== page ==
On the long winter days when the bleak winds blew, the family would gathered around the fire in mother’s room to listen to her tell stories from her childhood in Liberty County.
The mother was Lydia Caroline Quarterman, who married Reuben King Walker. We especially loved for her to tell us stories of old Midway and the church, which was built in 1752. She told us how the teams were hitched up on Sunday mornings, and young and old with the servants drove 10 miles over the country roads to the church.
She was united with the Midway Church, was baptized and sang in the choir. Music was highly valued in the colony, and the choir was well-trained. The memories of the old church services were precious to our mother.
Elizabeth Walker Quarterman listened to all the stories told by her mother and how the Yankees had devastated so much of Liberty County in 1864. She recorded some of these in her book, “The Home at the Bluff.” Midway Church members scattered during the Civil War, and there were no church services in the old church for a long period of time after the war. Since there was no activity around the church at that time and little traffic passing on the dirt road, particularly at night, marauders picked the old cemetery as an ideal place to butcher their illegally acquired spoils. The cement slabs made a great place to place the dead animals and dress the meat.
The next day, they would peddle the meat around the neighborhoods and, more than likely, sell it back to the people they stole the animals from. The historical Midway Cemetery was a great place to corral animals, as it was enclosed with a brick fence. Daniel Stewart (1759-1829) was responsible for getting the fence around the cemetery; his was one of the graves that animals were slaughtered on. During the Revolutionary War (1775-83), the British used the cemetery in the same manner and burned the first Midway Church.
Elizabeth repeated the following story about the cemetery that she had been told. (I can find no proof that the names are accurate, even though these two men did exist. I just could not find the parents that the new tombstones were supposed to belong to listed in the records for the cemetery.)
John Law, living at that time in Flemington, 9 miles from the church, was so crippled with rheumatism that he could not walk a step. Members of his family — at great sacrifice, for there was little money available in those dark days — bought and placed a modest granite marker at the graves of his father and mother in Midway Cemetery. Law was anxious to see this but was reluctant to speak of his wish to his friends, who, though solicitous to divert him and amuse him in his affliction, were busy every day trying to provide for their families. One day, his friend Joe Mallard came by to see him.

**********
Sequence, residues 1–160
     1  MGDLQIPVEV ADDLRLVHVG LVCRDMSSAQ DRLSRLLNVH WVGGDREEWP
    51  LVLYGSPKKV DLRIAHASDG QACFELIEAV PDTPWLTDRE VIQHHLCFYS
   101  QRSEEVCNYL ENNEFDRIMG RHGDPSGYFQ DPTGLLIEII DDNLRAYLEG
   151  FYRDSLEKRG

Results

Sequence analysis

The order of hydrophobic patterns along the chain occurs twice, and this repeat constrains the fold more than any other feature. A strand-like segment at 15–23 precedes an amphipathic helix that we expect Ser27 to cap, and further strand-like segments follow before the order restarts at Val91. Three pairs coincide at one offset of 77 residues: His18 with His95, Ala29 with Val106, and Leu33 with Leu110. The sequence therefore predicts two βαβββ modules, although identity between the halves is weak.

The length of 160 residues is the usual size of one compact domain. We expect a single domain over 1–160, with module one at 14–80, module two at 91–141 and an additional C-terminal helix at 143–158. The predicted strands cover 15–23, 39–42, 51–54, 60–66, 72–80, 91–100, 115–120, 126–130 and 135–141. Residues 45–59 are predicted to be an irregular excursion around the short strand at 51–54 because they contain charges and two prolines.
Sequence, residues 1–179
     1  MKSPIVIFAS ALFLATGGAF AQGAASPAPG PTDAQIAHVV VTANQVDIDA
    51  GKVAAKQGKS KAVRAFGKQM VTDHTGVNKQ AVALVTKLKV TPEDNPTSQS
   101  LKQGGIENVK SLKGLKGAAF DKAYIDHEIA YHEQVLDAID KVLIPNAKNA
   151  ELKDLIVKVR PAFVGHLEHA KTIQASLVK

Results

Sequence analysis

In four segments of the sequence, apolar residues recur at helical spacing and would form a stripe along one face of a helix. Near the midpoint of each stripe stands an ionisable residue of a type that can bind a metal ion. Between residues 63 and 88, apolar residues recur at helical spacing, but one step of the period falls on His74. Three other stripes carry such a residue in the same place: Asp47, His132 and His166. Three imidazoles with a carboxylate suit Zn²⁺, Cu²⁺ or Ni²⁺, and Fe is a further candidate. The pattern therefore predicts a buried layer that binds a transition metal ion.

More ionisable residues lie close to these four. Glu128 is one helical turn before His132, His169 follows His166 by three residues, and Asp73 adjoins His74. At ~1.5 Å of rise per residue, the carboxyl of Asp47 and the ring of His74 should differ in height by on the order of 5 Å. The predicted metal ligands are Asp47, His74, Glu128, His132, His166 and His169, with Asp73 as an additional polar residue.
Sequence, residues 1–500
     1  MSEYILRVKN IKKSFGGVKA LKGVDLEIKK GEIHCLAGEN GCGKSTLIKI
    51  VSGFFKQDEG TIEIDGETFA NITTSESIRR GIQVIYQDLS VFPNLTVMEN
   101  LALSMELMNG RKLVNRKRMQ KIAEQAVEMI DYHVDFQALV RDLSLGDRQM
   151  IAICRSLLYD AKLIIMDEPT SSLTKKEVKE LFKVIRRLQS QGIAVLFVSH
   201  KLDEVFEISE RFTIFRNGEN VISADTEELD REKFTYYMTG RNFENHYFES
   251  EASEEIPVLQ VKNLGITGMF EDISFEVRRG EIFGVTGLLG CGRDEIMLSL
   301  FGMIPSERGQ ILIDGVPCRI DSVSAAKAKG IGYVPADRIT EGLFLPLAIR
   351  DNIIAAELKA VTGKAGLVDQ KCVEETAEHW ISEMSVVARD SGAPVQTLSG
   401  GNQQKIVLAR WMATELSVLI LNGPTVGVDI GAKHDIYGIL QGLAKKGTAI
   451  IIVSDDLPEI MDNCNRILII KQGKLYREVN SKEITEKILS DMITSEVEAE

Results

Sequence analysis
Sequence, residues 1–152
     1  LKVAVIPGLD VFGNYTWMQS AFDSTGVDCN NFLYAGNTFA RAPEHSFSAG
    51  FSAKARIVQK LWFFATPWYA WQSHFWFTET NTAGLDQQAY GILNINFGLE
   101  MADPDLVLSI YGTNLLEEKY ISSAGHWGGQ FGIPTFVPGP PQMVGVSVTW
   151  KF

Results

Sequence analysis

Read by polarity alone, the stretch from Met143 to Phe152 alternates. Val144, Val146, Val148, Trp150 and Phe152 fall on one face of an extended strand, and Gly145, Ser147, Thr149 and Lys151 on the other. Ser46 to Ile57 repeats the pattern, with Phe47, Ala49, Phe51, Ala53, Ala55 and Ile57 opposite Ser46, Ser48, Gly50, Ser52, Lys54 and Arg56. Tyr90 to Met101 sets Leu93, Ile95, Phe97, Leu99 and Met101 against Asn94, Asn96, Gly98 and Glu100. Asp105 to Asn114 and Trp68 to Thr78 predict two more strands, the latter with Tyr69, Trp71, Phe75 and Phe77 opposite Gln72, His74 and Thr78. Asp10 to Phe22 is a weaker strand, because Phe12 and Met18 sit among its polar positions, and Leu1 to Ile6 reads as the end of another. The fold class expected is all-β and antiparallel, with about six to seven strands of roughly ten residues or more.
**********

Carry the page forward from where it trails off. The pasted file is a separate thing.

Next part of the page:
“John,” he said, “they have finished putting up that stone at your father’s and mother’s graves down at Midway. I bet you would like to go and see it.”
“You must be a mind reader, Joe,” John replied. “I don’t know of anything I want more to do. But all you boys are working so hard, I just haven’t the heart to ask anyone to take me there.”
“Well, I can’t take you there in the daytime, but if you feel up to it, I can come by tomorrow night after supper and take you down. It will be a full moon, and I’m not going to be using the pony tomorrow, so he won’t be tired. How about it?”
“You know what I’ll say! I can hardly wait. You are a very kind friend.”
Now, on the “tomorrow night,” two vandals were carrying on their nefarious business in the cemetery. One was hiding in the shadow of the big oak next to Dr. Abner Porter’s grave, while his companion went to capture and bring in a nice big sheep he spotted during the day.
Mallard drove up to the gate and — not bothering to tie the pony, which was too dejected and spiritless to do anything but stand — he took the small and light Law on his shoulders and started for the place where the Laws were buried just beneath the big oak.
A dim form rose from the shadows. A spectral voice asked, “Is he fat?”
Petrified with terror, convinced he had encountered the devil, Mallard stood rooted to the spot for a moment. Then, with one violent motion, he heaved Law over his head and threw him at the voice, yelling, “Fat or lean, take him!” and dashed madly to his buggy, leaving his friend to his fate. When he reached the buggy, sweating and breathless, Law, who had not walked a step for months, already was in the seat with the reins in his hands, eyes bulging and teeth chattering.
I doubt poor old Mr. Law ever wanted to go to that cemetery again and probably never saw his parents’ tombstone.